Okay, we know you are going to say something like “Hey, we like to put (insert your secret ingredient here). But here is the secret to this particular sauce garden, all of these plants are companion plants.

 

What is a companion plant?

 

We are glad you asked, companion planting is as old as cultivation itself.  If you grew up in California at some point in elementary school you probably planted a “three sisters” “garden”. This trio of corn, squash, beans are both the three “main” plants from North America and companion plants (for a fun read on how this works check out this blog at Treehugger.).  What a companion plant means is that it can be grown with another plant with the same soil, light, and water conditions so that there is no need to separate them. Sometimes the companion gives an added protection to another of the plant. For example, you can grow leaf lettuce as a companion plant for tomatoes, the low growing lettuce provides a natural mulch that keeps the ground moist without having to water as much and rotting your tomatoes. The sun-loving taller tomatoes give the lettuce a little bit of shelter from direct hot sunlight.  This then is companion planting.

 

So back to our sauce garden, we already said we like to grow things in containers, and so we tend to divide up our garden, but you don’t have to.  Because they are companions you can grow all of those items in one planter box, one square foot garden, or even one half wine barrel (actually that is a really cool looking way to grow your sauce and it takes up less than a 2’ footprint).  So how do we do this?

 

Remember when we did the blog on drip irrigation?  We talked about doing a garden plan, that is where we start. We have an advantage if we know for sure what plants we want. Your tomatoes are going to need a trellis of some form.  The common way to do this is with a tomato cage. Because of this, we tend to put the tomatoes in the middle of our garden. We like to go by height out from there. Peppers can also benefit from trellis or support so we put them next.  This gives us the advantage of being able to make our tomato cage do double duty as a tomato and pepper trellis.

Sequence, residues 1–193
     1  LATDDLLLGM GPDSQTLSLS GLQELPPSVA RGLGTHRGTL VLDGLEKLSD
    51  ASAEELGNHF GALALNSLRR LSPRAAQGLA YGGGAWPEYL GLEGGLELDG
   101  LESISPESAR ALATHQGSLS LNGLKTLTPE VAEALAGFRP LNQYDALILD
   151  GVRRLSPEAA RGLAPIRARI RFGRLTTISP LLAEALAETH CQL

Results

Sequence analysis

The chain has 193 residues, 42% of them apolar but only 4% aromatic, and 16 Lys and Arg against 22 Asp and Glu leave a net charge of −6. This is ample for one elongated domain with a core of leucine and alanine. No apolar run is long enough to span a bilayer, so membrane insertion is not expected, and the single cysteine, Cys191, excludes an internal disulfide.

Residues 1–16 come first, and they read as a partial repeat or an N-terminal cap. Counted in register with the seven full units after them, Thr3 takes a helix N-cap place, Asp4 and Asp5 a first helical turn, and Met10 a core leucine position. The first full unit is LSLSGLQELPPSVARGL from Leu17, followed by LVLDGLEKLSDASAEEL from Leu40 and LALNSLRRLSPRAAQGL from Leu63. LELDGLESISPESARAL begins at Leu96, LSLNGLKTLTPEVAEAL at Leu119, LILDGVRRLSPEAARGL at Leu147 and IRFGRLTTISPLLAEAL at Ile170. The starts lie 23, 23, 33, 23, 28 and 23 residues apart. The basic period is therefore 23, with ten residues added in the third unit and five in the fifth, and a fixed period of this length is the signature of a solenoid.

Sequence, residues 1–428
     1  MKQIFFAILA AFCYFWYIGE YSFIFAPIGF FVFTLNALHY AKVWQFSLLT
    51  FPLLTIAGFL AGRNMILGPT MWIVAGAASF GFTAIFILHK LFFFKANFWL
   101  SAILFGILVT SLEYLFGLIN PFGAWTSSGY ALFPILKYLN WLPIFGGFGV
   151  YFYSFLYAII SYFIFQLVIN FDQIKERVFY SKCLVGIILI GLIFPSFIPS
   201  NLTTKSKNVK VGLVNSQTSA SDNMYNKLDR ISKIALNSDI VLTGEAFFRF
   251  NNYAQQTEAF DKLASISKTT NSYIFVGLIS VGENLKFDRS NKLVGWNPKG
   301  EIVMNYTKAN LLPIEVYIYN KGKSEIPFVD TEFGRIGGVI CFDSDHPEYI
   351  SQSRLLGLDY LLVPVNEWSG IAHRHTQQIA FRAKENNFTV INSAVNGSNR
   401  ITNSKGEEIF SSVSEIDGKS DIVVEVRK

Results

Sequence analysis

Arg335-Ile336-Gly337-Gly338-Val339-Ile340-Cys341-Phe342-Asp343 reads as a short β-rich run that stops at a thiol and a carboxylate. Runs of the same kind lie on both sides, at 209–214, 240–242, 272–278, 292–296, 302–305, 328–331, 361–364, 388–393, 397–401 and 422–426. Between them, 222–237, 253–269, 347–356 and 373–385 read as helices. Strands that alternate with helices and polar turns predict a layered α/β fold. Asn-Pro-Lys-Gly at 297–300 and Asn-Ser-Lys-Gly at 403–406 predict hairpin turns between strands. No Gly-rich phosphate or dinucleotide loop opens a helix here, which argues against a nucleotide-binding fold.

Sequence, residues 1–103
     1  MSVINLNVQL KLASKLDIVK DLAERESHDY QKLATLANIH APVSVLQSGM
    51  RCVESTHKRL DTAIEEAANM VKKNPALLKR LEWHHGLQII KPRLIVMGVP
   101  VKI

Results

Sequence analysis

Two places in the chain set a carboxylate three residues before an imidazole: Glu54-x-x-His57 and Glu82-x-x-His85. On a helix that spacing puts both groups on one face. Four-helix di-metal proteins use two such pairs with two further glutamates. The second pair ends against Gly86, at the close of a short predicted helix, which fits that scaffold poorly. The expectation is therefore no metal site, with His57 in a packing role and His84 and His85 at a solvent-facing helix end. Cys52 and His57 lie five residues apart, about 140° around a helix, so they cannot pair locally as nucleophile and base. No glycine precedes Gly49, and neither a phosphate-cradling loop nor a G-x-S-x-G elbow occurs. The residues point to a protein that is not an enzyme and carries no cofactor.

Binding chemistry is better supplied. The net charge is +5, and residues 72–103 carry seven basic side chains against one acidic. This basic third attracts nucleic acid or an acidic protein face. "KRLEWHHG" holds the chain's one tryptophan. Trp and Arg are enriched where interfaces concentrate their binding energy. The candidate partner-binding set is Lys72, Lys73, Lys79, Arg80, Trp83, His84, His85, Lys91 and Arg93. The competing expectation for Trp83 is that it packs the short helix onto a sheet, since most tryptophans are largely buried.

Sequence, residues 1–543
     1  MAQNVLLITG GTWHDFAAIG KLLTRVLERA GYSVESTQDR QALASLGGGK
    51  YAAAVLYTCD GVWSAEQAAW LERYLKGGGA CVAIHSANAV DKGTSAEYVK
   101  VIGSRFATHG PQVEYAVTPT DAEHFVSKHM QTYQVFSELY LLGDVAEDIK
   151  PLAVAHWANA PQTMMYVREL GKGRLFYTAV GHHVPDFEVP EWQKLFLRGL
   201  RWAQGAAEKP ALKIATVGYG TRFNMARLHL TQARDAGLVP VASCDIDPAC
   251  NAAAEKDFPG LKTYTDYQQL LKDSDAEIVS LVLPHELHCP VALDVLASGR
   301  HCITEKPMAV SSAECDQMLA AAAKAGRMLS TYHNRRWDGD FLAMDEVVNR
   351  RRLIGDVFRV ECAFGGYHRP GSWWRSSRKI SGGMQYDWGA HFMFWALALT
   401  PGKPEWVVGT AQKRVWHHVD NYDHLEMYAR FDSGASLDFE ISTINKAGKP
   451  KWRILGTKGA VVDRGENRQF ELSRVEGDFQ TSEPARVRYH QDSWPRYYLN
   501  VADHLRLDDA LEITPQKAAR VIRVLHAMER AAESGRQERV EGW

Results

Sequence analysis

A note about trellis and supports.  You can use anything from string to zip ties to tie your plants.  We tend to want to use the branches and trellis as much as possible when we do tie we use a product that is made for this purpose. They are weather resistant and they won’t damage your plants like things with hard edges can. 

We like to put our basil and Sage at the edges near each other because as opposed to everything else in our garden they are perennial and so we will not need to replant them.  We put the bulbs on the opposite side from our herbs mainly because that’s the open spot.

Next, feed and water (remember that drip is going to be the best way to do this because tomatoes take very little water and a good drip system will free you from having to worry about water)

So a few weeks go by and you are starting to get produce, now what?  Well, now you make the sauce. No worries, we also carry everything you need to make and can your own spaghetti sauce, we will cover that later on n the year, so be on the lookout for our blog “taking produce, from the garden to the pantry”.